Serum ALT is a kind of intracellular functional enzyme catalyzing amino transfer reaction, which is mainly distributed in the liver. It is one of the most sensitive indicators to measure liver function and reflect liver damage . In normal condition, as long as a small amount of ALT is released into the blood, the activity and activity of the enzyme in the serum can be significantly increased. The concentration of ALT in hepatocytes was 1,000~3,000 times higher than that in serum. As long as 1% of hepatocytes are necrotic and the activity of enzymes in blood is doubled, thus serum ALT is a sensitive marker of acute hepatocyte injury .
In fact, serum ALT detection equipment and reagents are different in different countries and regions, thus the results of normal range are not the same . The standardization of ALT normal range needs to be solved urgently. And the individualized ALT reference level may be also a new direction in the future.
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American Association For The Study Of Liver Diseases Recommendations
The 2016 AASLD guidelines for the treatment of chronic hepatitis B as well as select recommendations from the 2018 AASLD guidance update on the prevention, diagnosis, and treatment of chronic hepatitis B are outlined below and in the Guidelines section.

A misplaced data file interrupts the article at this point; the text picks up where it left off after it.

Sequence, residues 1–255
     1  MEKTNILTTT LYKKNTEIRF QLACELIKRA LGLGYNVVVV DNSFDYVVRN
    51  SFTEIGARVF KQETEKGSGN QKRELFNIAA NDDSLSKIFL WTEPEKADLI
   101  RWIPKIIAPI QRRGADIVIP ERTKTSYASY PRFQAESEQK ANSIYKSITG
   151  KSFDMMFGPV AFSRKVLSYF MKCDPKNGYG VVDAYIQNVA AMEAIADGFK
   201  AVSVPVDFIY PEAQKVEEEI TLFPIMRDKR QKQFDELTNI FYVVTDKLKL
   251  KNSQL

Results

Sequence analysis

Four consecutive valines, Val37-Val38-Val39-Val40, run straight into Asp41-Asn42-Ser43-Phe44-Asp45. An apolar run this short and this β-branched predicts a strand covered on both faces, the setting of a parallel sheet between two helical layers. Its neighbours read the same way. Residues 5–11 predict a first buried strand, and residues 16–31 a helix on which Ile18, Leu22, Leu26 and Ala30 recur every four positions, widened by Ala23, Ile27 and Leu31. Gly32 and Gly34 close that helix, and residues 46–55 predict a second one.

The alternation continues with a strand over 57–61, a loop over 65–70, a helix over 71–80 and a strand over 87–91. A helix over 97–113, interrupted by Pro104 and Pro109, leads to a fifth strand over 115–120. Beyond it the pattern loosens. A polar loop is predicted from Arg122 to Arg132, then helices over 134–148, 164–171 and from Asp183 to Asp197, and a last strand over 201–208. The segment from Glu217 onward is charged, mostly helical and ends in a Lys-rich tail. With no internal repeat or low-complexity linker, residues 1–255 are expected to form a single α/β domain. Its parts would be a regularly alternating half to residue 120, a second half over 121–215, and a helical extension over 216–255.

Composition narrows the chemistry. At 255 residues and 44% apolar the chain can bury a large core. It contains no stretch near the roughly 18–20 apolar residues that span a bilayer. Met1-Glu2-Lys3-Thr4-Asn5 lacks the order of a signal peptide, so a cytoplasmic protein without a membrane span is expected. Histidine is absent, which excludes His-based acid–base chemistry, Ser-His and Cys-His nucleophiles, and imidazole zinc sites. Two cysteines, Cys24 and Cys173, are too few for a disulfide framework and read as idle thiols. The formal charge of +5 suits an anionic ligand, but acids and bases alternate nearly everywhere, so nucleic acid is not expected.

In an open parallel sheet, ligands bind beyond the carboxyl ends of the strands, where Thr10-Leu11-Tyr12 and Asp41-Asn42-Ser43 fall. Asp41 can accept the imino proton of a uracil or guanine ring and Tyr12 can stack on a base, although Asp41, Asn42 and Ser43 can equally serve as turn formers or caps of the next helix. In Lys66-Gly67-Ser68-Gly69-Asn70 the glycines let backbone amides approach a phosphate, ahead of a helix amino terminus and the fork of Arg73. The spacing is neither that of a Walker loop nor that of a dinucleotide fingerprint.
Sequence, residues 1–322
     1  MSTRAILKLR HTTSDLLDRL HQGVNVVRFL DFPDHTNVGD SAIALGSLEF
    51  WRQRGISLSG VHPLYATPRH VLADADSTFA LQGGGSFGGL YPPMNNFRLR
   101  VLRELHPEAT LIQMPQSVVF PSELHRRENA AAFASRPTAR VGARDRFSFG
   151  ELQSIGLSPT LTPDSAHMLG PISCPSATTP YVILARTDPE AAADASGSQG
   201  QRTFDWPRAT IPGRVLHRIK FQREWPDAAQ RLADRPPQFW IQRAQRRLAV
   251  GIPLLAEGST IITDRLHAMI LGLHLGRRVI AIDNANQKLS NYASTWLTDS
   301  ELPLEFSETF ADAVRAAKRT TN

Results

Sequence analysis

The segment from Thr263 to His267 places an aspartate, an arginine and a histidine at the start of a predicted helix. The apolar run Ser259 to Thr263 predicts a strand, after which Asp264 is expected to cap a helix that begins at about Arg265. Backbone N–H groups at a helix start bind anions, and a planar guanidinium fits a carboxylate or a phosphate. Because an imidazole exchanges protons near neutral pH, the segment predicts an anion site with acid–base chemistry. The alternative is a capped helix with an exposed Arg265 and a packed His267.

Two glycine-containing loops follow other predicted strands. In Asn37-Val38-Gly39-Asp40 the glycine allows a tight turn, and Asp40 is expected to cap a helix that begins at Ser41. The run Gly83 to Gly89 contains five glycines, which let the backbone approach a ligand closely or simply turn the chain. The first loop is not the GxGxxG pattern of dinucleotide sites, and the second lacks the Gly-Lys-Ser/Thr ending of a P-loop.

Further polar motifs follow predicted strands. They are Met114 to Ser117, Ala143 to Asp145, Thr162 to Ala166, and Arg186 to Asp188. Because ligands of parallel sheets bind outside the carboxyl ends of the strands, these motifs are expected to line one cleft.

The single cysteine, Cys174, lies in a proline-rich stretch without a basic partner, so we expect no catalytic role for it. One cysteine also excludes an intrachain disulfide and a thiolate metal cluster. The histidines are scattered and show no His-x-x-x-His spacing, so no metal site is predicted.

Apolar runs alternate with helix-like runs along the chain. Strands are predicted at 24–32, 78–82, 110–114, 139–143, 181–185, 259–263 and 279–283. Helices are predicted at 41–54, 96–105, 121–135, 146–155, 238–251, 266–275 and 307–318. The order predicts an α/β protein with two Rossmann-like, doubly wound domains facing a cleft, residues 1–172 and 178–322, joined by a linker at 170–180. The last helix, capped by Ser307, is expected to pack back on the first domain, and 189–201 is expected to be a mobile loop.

Adults with immune-active chronic hepatitis B infection
Administer antiviral therapy to lower the risk of morbidity and mortality associated with chronic hepatitis B infection.
The recommended initial agent for adults is PEG-IFN, entecavir, or tenofovir.
Adults with immune-tolerant chronic hepatitis B infection
Antiviral therapy is not recommended.
The AASLD suggests obtaining ALT levels at least every 6 months to monitor for potential transition to immune-active or -inactive chronic hepatitis B.
For select patients older than 40 years, the AASLD suggests antiviral therapy in the setting of normal ALT levels, elevated HBV DNA , and significant necroinflammation or fibrosis on liver biopsy specimens.
Adults with HBeAg-positive immune-active chronic hepatitis B who seroconvert to anti-HBe on nucleoside analog therapy
After a period of treatment consolidation , consider discontinuing NA therapy in noncirrhotic HBeAg-positive adults who seroconvert to anti-HBe while on NA treatment. If antiviral therapy is stopped, monitor the patient every 3 months for a minimum of 1 year for recurrent viremia, ALT flares, seroreversion, and clinical decompensation.
Adults with HBeAg-negative immune-active chronic HBV infection
Relationship Between Alt And Liver Injury